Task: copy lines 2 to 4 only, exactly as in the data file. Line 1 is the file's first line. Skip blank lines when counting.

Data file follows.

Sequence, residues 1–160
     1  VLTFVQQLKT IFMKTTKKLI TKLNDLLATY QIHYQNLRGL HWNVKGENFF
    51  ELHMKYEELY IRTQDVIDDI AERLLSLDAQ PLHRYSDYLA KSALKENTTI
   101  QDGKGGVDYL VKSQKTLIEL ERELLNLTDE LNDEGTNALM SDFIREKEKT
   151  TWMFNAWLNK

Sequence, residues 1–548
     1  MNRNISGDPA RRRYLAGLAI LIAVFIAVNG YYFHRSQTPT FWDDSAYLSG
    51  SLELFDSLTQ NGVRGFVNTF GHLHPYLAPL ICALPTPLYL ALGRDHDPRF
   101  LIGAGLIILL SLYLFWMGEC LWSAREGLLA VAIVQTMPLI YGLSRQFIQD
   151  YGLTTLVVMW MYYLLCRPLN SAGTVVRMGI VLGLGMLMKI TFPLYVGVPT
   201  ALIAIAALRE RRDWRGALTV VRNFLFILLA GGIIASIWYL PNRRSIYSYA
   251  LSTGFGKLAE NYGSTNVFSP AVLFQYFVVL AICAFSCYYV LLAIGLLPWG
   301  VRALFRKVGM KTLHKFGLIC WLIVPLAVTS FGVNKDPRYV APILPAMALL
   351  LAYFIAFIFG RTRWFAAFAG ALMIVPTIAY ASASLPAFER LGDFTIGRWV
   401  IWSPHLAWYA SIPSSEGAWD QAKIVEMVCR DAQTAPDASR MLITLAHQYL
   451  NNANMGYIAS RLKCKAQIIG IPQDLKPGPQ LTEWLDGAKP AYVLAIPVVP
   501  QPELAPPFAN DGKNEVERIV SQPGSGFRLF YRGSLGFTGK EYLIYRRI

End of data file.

     1  VLTFVQQLKT IFMKTTKKLI TKLNDLLATY QIHYQNLRGL HWNVKGENFF
    51  ELHMKYEELY IRTQDVIDDI AERLLSLDAQ PLHRYSDYLA KSALKENTTI
   101  QDGKGGVDYL VKSQKTLIEL ERELLNLTDE LNDEGTNALM SDFIREKEKT